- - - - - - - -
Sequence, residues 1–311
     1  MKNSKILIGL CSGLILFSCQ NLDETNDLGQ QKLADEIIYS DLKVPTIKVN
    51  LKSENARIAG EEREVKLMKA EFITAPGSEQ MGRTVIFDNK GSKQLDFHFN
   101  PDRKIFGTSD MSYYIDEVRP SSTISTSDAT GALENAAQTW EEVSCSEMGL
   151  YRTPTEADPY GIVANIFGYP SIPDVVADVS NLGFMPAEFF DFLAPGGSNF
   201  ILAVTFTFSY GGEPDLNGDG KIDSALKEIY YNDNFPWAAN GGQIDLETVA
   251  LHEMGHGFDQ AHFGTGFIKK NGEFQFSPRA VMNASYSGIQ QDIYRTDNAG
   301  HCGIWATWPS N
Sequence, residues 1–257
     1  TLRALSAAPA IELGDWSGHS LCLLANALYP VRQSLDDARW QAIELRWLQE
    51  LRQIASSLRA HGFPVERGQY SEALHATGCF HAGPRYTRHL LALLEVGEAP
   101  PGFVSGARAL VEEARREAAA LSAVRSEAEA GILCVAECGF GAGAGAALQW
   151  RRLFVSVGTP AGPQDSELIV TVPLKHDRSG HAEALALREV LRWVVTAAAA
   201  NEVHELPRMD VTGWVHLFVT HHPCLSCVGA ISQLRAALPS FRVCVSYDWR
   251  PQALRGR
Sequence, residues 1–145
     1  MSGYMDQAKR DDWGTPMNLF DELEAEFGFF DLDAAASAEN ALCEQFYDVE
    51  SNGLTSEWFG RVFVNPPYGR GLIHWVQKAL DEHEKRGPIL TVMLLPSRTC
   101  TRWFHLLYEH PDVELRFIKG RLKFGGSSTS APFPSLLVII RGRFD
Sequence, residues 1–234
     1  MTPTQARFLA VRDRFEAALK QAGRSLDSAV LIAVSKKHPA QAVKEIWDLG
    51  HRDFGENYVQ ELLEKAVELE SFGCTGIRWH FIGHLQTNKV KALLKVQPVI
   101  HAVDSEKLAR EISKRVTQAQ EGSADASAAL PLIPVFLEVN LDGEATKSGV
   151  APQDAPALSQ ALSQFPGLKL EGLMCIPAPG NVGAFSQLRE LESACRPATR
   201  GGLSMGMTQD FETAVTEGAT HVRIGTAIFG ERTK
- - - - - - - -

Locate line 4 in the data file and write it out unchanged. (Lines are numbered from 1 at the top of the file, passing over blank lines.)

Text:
   101  PDRKIFGTSD MSYYIDEVRP SSTISTSDAT GALENAAQTW EEVSCSEMGL